Dr. Gerst agrees with his brother. He says being able to see firsthand that the best way for Ella to get the procedure she needed was to have UPMC Williamsport’s ED refer her to UPMC Children’s for the surgery the following week. The experience has inspired him to work toward finding even more ways to collaborate for ED follow-up care. For starters, he is taking his leadership team out to meet the UPMC Children’s leadership, so they can learn from each other to improve patient outcomes.
Improving patient outcomes is always a focus. “One of the unique things that makes us experts in rural health care is that we offer a world-class network of specialists who can connect with our communities through technologies that close the gaps that traditionally have posed obstacles to advanced care,” says Patti Jackson-Gehris, president of UPMC in North Central Pa. Far from lessening the patient experience, telemedicine can bring so much more to rural patients who might otherwise have long travel times to see their health care providers. If a specialist was needed for a consultation, or to read an imaging film, it created a very difficult hurdle in the past.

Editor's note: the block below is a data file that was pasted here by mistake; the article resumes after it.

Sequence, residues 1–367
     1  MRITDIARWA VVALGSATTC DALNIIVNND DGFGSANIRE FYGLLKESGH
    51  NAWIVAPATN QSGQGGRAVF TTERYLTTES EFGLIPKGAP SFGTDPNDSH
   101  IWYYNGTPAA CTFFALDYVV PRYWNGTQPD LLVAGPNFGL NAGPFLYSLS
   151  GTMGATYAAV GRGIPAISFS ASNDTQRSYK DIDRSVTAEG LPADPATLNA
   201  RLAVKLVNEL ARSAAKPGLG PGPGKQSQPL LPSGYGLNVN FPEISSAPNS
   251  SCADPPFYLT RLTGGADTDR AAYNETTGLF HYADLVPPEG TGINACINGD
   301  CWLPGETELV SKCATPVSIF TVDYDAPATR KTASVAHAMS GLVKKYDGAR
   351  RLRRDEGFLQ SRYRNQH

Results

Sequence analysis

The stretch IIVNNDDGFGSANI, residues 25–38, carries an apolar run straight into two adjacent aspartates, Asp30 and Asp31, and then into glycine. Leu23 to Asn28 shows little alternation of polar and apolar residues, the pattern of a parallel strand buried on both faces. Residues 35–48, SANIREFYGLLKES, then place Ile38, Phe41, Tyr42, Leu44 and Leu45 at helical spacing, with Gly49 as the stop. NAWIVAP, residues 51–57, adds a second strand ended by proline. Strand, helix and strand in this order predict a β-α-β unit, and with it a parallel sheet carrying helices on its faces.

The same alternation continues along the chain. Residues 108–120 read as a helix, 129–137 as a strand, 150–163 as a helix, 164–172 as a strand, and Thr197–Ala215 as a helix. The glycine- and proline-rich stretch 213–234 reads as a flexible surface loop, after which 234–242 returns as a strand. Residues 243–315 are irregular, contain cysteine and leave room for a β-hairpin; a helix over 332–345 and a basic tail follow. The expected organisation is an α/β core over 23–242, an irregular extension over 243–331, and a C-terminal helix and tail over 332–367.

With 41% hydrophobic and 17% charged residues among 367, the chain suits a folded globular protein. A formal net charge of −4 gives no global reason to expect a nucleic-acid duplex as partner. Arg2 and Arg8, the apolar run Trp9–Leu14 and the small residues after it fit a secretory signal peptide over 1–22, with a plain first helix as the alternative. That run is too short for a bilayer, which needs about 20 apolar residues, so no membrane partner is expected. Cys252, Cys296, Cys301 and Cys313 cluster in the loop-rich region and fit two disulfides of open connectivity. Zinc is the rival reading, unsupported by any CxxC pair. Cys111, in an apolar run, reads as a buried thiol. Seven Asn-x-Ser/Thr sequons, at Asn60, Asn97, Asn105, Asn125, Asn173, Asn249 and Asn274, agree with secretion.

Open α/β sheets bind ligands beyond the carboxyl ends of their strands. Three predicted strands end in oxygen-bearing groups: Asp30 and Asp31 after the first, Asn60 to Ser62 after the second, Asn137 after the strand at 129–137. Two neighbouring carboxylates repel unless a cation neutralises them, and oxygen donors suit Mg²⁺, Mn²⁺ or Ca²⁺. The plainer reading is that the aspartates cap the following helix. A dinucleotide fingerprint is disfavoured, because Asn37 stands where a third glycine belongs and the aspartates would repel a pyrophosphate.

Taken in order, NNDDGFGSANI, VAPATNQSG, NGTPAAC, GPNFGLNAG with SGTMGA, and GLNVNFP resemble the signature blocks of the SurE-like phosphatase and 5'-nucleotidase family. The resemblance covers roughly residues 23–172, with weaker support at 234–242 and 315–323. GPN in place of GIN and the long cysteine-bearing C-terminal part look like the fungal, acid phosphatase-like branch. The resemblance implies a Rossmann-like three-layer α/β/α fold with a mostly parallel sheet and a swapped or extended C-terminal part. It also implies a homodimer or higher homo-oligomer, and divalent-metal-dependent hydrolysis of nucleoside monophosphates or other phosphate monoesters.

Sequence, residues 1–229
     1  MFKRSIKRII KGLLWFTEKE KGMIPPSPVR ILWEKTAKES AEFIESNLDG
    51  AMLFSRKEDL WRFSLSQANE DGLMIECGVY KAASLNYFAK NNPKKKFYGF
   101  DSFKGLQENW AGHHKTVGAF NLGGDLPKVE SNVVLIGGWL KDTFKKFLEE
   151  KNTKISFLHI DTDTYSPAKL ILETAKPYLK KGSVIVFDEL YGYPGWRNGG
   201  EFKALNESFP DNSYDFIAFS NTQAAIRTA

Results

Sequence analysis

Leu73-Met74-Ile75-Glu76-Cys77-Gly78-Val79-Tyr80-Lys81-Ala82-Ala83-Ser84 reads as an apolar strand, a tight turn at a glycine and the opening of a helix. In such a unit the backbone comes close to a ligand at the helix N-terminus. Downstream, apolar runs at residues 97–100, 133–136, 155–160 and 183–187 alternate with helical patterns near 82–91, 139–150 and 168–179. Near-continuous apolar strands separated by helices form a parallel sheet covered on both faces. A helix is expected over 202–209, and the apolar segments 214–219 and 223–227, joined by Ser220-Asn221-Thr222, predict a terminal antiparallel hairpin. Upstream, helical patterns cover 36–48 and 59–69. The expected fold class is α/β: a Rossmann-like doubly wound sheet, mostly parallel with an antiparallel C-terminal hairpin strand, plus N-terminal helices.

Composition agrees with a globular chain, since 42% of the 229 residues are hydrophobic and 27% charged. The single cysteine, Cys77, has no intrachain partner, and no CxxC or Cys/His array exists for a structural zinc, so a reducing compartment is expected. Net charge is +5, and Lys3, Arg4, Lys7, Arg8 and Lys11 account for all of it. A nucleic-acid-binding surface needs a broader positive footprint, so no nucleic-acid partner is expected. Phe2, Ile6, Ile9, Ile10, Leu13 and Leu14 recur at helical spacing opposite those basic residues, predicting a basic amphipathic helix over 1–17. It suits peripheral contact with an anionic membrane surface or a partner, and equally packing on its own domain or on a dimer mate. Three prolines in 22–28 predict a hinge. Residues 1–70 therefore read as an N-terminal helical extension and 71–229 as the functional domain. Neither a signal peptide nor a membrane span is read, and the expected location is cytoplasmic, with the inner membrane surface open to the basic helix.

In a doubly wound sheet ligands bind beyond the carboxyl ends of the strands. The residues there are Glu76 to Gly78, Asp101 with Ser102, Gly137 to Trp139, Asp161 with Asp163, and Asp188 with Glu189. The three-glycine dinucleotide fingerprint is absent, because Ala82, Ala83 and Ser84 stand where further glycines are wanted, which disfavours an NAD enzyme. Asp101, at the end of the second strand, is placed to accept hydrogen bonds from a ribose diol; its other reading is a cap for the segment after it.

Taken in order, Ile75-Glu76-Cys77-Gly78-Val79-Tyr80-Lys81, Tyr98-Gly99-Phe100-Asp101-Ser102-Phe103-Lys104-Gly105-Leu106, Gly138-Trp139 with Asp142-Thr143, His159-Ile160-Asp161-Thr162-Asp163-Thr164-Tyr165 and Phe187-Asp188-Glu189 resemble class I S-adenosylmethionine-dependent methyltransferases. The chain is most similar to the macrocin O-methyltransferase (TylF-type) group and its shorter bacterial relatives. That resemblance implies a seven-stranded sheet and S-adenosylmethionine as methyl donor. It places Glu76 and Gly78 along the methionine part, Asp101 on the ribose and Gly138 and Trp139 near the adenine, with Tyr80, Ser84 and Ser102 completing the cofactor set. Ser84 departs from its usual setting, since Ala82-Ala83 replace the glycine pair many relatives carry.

“Properly used, as we do here, technology can elevate the coordination and quality of the health care experience for rural patients in ways that really matter,” Jackson-Gehris added.
A New Outlook on Life
Ella’s tumor pathology came back benign. Thankfully, the type of tumor she had did not require chemotherapy or radiation, and Ella has been seizure- and symptom-free since the surgery. The family was able to go on their end-of-summer vacation in August, which felt like a fitting celebration after the tumultuous July they had. Her future follow-up care includes visits to Dr. Greene for MRIs every three months in her first post-surgery year, every six months the year after that, and then once yearly over the next 10 years.
When asked what she would tell other children faced with a similar medical emergency, Ella thinks a moment and offers this sage advice: “Never take anything or anyone for granted in life. You just never know when it might all change in a heartbeat. I’m really grateful for my family and faith, and also for all the kind and caring doctors, nurses, and staff who helped me when I needed it the most.”